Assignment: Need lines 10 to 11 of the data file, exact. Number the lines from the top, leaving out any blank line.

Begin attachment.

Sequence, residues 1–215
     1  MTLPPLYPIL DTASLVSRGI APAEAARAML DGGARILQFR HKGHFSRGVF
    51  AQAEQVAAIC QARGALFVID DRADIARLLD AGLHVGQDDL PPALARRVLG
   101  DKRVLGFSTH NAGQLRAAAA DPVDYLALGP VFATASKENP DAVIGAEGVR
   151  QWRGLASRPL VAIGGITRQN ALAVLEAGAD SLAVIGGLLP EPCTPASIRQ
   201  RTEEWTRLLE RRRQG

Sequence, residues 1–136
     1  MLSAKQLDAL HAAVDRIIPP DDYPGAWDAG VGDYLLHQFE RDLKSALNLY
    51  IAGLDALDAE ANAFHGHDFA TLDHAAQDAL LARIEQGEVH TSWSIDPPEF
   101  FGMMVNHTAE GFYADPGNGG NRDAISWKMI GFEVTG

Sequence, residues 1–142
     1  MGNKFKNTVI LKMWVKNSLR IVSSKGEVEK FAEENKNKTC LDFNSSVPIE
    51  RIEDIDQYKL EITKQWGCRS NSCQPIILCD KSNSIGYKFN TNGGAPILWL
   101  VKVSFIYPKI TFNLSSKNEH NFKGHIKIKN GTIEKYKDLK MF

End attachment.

   101  FGMMVNHTAE GFYADPGNGG NRDAISWKMI GFEVTG

Sequence, residues 1–142